Tracking, Facial Recognition, Fingerprint recognition, and other biometric identification are done at the (Security) agents. Biometric signatures are collected and generated at the agents, and sent to the Rules-and-Agent Manger. The Knowledge Services and the Rule-and-Agent Manager collectively collect biometric signatures and object tracking locations, and then generate and manage subject dossiers. A described above, a subject dossier includes information about object (e.g., person) such as, biometric information/signatures, soft biometric information (hair color, skin tone/color, weight or build, height, etc.) and other temporal information (e.g., speed, direction, location, past activities, information that the operator is looking for, etc.). Data fusion is performed by the Knowledge Services and the Rules and Agent Manager. Data required or generated by each of the components are saved and retrievable via the Middle-tier/Data Access component, which in turn utilizes a relational database such as Microsoft SQL Server.

Subject Dossier

Data gathering agents collect data concerning a subject person from different sources. The Knowledge Services aggregate the data into subject dossier. The data aggregated into a given dossier may include different digital signatures produced by different data gathering agents. A subject dossier also may include fused data signatures produced by the fusion of data gathered from multiple data sources having different data modalities.

The following is an example of information in a subject dossier.

Subject Dossier:
Facial Features Signature (e.g., nose shape and size, face width,
distance between eye corners, skin color (light, medium, dark),
nose angle (profile view)
Soft Biometrics Signature (e.g., clothing color, height, weight)
Temporal Information Signature (e.g., direction of travel, speed,
past places visited/path)
Fingerprint Signature
Voice Print Signature
Iris Scan Signature
DNA Analysis Signature

The information in a subject dossier is indexed so that it can be used to more efficiently identify and track suspects and to avoid false alarms. More particularly, a dossier is indexed so that certain information such as soft biometrics can be used to screen candidates within a surveillance for closer study and also to predict likely places within a surveillance region to look for a suspect. For instance, soft biometric information such as clothing color, height and weight may be employed to select candidates for further investigation. For example, the Knowledge Services may be programmed to cause the Security Agents to search for a match between clothing color in a subject dossier of a suspect and clothing color of unidentified persons in a surveillance region. If a match is found, then the Knowledge Service may cause the Security Agents to perform an analysis of whether facial features in the subject dossier match facial features of the person with matching color clothing. Moreover, temporal information provided in a subject dossier such as direction and speed of travel of a suspect may trigger the Knowledge Services to alert only certain sensory devices, such as a group of cameras in an area of the surveillance region where the suspect is headed, to be on the lookout for the suspect.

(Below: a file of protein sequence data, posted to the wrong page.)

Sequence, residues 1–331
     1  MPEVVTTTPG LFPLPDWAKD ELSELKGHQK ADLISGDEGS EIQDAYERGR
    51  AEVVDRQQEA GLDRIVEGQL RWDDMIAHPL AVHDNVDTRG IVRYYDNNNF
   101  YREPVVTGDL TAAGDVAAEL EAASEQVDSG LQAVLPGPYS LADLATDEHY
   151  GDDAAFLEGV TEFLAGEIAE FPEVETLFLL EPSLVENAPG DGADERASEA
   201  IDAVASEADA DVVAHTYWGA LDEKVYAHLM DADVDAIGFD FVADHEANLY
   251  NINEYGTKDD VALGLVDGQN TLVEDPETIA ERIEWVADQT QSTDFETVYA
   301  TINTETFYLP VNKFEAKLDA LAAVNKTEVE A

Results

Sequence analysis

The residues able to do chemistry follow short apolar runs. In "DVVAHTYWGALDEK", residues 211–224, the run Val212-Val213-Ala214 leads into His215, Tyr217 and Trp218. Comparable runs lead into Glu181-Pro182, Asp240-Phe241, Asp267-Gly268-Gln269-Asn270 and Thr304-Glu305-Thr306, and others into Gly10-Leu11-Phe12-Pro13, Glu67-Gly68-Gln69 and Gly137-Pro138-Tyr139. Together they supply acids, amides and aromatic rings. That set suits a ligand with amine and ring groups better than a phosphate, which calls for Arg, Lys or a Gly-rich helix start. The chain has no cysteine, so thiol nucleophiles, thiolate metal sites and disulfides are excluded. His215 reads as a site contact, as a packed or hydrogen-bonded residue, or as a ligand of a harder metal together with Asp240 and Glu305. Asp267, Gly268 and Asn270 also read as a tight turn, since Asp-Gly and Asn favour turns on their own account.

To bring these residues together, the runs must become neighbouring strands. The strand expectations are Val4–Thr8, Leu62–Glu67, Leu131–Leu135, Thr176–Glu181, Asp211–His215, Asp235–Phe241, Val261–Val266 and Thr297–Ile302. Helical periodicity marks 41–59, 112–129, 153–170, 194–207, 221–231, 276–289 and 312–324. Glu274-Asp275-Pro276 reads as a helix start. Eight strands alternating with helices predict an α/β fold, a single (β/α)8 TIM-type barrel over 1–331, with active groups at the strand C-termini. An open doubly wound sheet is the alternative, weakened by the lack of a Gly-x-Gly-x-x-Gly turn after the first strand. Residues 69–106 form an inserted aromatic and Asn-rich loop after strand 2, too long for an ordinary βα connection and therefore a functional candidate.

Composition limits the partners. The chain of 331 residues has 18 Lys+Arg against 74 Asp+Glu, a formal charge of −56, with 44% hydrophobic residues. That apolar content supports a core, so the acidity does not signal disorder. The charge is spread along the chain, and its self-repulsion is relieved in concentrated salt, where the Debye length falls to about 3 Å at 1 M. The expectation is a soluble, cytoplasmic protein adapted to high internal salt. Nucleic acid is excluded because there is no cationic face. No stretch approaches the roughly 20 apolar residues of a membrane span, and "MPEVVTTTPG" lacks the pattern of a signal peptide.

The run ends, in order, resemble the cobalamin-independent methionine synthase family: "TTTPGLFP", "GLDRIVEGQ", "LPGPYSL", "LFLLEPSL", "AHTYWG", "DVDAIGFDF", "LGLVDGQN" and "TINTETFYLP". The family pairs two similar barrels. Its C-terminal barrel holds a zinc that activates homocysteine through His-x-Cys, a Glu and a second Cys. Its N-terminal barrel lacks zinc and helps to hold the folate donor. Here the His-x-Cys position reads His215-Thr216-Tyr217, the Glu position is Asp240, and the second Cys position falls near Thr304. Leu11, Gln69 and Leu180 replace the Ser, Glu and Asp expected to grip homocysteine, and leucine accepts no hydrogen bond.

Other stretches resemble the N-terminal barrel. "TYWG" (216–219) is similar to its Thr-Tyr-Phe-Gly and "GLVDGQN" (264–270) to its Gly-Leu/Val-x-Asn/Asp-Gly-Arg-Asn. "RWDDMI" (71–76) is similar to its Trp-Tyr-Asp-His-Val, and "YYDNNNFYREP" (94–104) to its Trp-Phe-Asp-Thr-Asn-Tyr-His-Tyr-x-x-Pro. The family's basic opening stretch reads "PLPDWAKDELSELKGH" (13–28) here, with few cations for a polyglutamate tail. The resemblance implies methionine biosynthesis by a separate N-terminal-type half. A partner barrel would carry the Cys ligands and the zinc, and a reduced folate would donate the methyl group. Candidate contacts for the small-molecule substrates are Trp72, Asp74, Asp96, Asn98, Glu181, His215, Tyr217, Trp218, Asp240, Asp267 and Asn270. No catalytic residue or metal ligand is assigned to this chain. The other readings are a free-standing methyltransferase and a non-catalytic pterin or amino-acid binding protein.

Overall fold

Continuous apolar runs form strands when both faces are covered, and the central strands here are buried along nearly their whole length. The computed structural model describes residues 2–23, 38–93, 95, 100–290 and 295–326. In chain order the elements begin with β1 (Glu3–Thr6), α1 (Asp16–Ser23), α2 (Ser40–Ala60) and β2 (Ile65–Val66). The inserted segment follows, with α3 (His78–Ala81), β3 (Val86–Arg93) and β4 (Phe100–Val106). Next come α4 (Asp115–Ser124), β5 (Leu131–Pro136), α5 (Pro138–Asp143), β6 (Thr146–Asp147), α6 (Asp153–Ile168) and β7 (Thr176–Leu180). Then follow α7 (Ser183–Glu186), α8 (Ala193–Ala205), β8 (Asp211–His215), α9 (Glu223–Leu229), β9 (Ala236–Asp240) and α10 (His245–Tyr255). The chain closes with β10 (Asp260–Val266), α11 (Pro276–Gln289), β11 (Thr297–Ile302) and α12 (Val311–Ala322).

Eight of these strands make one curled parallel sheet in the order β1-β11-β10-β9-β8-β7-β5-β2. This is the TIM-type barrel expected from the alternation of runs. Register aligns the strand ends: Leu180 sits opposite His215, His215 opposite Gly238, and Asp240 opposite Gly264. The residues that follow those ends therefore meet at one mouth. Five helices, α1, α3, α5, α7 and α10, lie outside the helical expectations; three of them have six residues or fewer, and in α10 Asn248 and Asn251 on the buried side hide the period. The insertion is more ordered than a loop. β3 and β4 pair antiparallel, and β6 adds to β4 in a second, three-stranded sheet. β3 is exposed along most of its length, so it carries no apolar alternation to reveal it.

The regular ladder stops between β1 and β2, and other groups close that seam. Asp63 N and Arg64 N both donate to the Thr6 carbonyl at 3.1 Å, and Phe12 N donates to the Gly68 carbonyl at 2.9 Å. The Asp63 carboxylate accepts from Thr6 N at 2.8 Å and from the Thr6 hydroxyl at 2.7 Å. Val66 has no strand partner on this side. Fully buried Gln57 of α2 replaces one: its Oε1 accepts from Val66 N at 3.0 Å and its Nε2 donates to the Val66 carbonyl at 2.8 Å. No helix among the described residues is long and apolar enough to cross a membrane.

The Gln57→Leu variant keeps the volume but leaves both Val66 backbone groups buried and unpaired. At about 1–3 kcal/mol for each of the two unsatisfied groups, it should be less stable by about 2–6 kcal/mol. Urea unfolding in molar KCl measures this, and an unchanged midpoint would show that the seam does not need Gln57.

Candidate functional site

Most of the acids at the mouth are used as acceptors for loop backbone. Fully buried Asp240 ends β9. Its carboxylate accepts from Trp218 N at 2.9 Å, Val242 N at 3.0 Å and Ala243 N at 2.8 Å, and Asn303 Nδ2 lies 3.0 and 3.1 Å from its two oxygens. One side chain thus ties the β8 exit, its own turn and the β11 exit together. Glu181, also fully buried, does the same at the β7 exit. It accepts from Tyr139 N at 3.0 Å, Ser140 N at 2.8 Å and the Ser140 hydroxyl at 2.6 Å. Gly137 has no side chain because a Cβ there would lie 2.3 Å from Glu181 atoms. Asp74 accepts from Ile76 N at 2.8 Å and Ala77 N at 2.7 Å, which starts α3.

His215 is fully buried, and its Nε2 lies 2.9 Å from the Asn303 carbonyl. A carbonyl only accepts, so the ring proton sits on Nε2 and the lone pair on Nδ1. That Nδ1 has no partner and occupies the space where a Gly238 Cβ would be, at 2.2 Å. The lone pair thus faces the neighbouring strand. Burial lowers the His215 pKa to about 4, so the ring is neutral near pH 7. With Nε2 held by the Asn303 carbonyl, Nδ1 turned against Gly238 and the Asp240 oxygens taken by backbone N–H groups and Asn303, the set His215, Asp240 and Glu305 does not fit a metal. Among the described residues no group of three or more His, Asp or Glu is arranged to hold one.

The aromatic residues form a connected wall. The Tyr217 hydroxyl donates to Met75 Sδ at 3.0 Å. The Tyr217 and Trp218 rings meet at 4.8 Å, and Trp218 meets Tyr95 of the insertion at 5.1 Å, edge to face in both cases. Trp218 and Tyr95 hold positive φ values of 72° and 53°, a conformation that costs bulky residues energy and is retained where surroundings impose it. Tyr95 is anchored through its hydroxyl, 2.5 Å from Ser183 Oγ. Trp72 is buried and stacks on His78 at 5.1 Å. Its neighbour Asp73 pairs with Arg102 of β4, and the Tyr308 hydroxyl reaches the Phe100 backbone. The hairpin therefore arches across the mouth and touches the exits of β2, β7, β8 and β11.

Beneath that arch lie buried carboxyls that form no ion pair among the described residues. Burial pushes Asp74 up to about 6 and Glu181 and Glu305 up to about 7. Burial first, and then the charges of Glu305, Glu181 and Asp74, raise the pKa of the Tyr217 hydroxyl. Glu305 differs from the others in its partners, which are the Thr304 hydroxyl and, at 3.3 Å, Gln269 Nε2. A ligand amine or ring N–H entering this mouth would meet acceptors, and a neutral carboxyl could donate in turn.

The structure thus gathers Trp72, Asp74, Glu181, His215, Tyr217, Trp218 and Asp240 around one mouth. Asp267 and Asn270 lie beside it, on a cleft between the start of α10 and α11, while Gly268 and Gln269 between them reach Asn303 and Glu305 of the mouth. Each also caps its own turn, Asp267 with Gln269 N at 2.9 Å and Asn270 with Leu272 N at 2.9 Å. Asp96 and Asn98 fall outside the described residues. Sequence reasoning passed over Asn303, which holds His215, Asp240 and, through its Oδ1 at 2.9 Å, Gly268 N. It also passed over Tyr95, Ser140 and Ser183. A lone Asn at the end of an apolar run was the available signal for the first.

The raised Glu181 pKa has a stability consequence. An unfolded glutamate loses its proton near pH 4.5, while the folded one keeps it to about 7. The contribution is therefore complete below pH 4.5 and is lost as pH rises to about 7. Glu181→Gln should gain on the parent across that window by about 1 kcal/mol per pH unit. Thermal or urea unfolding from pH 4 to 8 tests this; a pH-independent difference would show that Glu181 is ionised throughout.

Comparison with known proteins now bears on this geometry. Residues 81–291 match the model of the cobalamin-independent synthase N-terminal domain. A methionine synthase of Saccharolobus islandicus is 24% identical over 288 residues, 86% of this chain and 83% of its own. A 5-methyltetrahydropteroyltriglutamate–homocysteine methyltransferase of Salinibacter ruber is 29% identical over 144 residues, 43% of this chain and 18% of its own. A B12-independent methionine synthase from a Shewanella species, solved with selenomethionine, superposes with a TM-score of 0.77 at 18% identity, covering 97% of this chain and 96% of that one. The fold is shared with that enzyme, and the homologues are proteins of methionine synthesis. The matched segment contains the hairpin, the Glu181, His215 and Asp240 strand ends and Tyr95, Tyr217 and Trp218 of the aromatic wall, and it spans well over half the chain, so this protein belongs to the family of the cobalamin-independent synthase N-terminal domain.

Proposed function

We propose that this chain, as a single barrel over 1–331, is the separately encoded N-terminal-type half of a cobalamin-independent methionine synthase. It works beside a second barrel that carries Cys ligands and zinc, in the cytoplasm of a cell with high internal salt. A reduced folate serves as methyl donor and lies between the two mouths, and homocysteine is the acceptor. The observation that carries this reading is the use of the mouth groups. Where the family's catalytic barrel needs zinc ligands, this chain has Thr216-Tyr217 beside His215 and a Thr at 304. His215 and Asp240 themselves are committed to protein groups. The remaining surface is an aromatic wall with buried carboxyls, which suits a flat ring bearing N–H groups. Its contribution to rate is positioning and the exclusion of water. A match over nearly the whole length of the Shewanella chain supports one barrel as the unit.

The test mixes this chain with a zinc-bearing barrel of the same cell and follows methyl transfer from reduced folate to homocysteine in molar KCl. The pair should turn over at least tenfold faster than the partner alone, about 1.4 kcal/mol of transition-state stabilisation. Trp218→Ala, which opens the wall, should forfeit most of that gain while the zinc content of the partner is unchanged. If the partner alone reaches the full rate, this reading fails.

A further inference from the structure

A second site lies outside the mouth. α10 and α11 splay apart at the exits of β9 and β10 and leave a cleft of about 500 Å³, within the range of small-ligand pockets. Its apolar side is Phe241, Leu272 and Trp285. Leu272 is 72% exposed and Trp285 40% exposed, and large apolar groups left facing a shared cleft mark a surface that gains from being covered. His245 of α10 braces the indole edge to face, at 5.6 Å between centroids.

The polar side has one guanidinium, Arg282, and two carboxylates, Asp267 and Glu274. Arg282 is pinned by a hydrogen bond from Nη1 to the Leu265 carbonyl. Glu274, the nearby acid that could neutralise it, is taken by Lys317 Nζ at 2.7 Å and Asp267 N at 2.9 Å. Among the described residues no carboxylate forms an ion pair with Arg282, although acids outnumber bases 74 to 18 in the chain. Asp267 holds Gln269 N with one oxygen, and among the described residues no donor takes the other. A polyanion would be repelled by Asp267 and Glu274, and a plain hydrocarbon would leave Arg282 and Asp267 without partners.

A subject dossier may be incremented as more information concerning a suspect is gathered. For example, initially, only soft biometric information such as clothing color and estimated height and weight might be available. Subsequently, more information such as a facial feature signature or a voice print may become available and will be added to the subject dossier. Newly received data from these multiple sources may be fused with previous data by the Knowledge Services as it is received.

A subject dossier is a record stored in a computer readable medium that can be easily accessed by security agents and a console operator. The dossier is structured to separate soft biometric information and temporal data from other biometric information. Soft biometric and temporal information generally can be characterized as being easier to obtain and useful for tracking purpose, but not very reliable for definitive identification purposes. Other biometric information, such as fingerprints, voiceprints and an iris scan are more reliable, but more difficult to obtain. Thus, soft biometric and temporal data can be used advantageously to track an individual until more reliable information, such as detailed facial features or fingerprints can be obtained to provide a more reliable identification.

Data Gathering Agents

The surveillance system of one embodiment employs multiple streams of data including one or more of, facial features, vocal, fingerprint, iris scan, DNA data, soft biometric data, temporal data and fused data.